After a much needed rest at Isaac's family's lodge, we started our third day by meeting up with Josh and Joy Leisen, who you ought to recognize from previous posts in this blog. It was their first time visiting the Ozarks, and needless to say they were enjoying themselves. The six of us met at a tributary of the Buffalo River to fish for madtoms and darters. We fished the head of a riffle just downstream from a bridge. As you can imagine, people driving past gave us strange looks.
We desperately wanted to catch a checkered madtom, but unfortunately none us was able to find one. We did however find quite a few Ozark madtoms as well as a few slender madtoms. I had no idea that slender madtoms got so large!
Ozark Madtom (Noturus albater) - new hook & line species #275
Slender Madtom (Noturus exilis)
The only darters we caught here were rainbows. I saw a few yoke darters, and possibly a saddled darter, but they were hanging out in current too fast to fish effectively. Eventually they bolted down the riffle, never to be seen from again. To change things up we tried throwing jigs and spinners around the bridge supports and a submerged tree to see if Ozark bass might be around. No Ozark bass showed themselves, but we caught green sunfish, longear sunfish, smallmouth bass, a monster hornyhead chub, and some very handsome northern studfish.
Green Sunfish (Lepomis cyanellus)
Josh and Joy were going to stay in the Buffalo River drainage for a few days, and Ryan left the group to find his way to an airport to head home to Tampa. Pat, Levi, and I drove south, crossing the very flooded Arkansas River and continuing until we reached the Ouachita River drainage. We stopped at a park with a spring fed creek flowing through it. The scenery was fantastic!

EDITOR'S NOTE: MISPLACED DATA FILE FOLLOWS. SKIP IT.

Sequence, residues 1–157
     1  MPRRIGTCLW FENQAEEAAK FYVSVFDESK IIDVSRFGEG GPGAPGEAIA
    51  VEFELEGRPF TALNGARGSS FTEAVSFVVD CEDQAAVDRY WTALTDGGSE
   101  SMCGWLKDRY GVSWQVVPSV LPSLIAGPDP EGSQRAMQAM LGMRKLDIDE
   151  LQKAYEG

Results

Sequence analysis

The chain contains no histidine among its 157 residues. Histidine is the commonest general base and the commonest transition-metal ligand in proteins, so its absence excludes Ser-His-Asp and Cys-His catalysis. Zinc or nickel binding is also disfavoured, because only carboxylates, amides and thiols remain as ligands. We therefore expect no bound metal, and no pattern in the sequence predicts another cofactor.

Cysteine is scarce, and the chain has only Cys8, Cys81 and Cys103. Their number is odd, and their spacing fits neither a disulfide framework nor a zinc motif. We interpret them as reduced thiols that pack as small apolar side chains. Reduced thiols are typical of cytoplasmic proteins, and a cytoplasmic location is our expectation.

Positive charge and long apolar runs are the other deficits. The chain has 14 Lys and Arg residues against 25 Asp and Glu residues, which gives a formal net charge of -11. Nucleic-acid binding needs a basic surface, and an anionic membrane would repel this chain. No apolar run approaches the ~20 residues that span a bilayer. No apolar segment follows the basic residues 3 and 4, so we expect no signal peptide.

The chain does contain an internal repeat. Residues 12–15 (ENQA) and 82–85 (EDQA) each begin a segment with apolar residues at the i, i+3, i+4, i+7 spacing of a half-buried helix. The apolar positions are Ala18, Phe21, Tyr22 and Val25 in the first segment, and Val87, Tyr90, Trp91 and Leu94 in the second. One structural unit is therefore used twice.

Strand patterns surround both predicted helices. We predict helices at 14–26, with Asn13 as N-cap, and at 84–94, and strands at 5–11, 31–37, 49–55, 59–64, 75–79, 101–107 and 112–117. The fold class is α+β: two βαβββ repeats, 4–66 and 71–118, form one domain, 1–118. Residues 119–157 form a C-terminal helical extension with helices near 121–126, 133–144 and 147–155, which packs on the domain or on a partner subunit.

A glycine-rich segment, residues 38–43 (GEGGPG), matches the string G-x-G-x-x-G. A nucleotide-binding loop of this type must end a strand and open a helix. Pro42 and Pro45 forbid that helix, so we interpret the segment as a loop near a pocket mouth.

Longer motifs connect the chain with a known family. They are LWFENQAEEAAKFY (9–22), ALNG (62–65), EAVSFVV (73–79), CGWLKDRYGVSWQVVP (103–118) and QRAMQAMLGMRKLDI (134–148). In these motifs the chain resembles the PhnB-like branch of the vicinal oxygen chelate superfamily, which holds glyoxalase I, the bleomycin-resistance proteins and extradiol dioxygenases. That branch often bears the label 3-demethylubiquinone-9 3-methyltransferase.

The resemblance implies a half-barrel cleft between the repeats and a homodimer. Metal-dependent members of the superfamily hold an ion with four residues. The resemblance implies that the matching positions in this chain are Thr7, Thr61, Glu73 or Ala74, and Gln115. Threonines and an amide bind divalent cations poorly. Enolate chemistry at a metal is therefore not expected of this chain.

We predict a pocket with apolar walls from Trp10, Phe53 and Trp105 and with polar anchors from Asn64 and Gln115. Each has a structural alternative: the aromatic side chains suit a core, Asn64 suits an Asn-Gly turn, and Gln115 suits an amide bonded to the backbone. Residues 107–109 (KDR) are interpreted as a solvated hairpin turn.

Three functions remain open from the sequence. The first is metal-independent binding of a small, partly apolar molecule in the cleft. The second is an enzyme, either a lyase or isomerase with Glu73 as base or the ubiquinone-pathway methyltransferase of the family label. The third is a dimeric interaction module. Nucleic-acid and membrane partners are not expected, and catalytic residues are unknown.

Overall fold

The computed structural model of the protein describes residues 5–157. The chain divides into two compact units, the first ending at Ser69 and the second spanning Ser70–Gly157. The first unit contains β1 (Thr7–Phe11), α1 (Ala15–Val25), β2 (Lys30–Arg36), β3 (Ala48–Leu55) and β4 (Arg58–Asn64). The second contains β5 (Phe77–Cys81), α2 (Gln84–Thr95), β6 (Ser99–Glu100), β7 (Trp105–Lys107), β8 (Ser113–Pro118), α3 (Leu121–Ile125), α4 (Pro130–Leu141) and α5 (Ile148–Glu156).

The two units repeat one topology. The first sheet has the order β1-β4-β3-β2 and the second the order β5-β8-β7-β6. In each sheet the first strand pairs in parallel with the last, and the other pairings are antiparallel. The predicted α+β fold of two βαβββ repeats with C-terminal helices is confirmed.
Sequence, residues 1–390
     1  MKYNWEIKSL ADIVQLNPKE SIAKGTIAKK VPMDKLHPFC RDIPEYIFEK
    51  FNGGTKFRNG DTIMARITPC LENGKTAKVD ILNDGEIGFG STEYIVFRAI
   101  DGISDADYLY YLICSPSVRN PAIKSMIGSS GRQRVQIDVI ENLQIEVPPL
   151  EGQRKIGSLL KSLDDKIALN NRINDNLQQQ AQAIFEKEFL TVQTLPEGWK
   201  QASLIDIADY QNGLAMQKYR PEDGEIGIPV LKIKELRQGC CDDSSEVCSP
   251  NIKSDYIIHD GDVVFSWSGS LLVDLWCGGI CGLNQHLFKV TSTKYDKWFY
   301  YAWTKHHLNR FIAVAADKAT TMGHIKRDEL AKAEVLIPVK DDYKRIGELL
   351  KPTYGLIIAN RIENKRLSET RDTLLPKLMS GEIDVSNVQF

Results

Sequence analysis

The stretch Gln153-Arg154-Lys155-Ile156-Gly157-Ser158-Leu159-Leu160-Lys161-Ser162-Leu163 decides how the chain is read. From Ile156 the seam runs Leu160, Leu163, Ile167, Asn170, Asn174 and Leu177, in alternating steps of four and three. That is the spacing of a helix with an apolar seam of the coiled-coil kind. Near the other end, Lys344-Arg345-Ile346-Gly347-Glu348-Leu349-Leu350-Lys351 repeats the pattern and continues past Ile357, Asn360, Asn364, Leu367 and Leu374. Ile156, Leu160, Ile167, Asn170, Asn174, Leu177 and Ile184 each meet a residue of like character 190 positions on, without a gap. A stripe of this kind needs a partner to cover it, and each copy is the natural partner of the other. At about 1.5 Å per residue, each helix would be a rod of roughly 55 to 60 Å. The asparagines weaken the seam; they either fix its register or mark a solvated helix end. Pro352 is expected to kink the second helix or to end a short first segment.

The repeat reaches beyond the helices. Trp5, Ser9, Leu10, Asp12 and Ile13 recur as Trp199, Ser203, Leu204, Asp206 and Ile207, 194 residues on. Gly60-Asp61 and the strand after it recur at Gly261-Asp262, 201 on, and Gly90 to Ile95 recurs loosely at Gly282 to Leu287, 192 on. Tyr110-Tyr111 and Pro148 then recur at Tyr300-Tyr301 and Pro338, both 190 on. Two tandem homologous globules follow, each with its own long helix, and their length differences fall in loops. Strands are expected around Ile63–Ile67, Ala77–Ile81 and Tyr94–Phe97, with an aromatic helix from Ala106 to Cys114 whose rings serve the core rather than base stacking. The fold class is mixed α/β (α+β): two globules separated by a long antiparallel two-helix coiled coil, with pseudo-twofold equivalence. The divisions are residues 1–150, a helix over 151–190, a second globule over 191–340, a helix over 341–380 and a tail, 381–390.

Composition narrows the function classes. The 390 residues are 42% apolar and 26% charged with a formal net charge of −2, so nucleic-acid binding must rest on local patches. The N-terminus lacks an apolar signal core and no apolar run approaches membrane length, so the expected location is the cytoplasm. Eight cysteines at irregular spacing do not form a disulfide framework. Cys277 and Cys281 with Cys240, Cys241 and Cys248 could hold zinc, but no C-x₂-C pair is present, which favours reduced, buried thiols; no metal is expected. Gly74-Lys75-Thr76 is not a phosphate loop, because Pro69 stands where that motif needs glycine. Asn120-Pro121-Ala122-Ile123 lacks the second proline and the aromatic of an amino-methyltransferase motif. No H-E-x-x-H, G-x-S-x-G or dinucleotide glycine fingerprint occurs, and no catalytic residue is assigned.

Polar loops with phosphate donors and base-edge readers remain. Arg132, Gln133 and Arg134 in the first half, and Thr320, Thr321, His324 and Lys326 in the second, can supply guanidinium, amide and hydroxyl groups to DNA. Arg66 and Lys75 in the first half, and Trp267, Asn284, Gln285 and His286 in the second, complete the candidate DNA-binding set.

The clear water made it easy for the fish to see our bait. Despite the presence of creek chubs and a variety of shiners, my first catch was a highland stoneroller! I didn't know this species existed until recently.
Highland Stoneroller (Campostoma spadiceum) - new hook & line species #276
We had to look hard for them, but eventually each of us caught at least one redspot darter. We wrapped up by catching shiners until we each got a male redfin shiner. In Illinois all of the fins on the redfin shiners are bright red, but here only their tails were red. The irridescent blue-green on their other fins was really cool.
Redspot Darter (Etheostoma artesiae) - new hook & line species #277
Western Redfin Shiner (Lythrurus umbratilis umbratilis) - new hook & line subspecies
We drove down a bumpy logging road to reach our last spot of the day. Once our vehicles were thoroughly coated in a layer a dust we arrived at a small creek. We carefully flipped a few rocks and soon found madtoms, Ouachita madtoms! This species is endemic to the Ouachita drainage and is one I was pretty excited to see.
Ouachita Madtom (Noturus lachneri) - new hook & line species #278
We also caught a few darters, but the colors didn't turn out very well in the low light. The one below is a female Creole darter. Fortunately, we found some nice males the next day.
Creole Darter (Etheostoma collettei) - new hook & line species #279
Once again we ended the day after the sun had set. We stayed the night at a motel in Hot Springs Village, strategically setting ourselves up for the next day's fishing spots.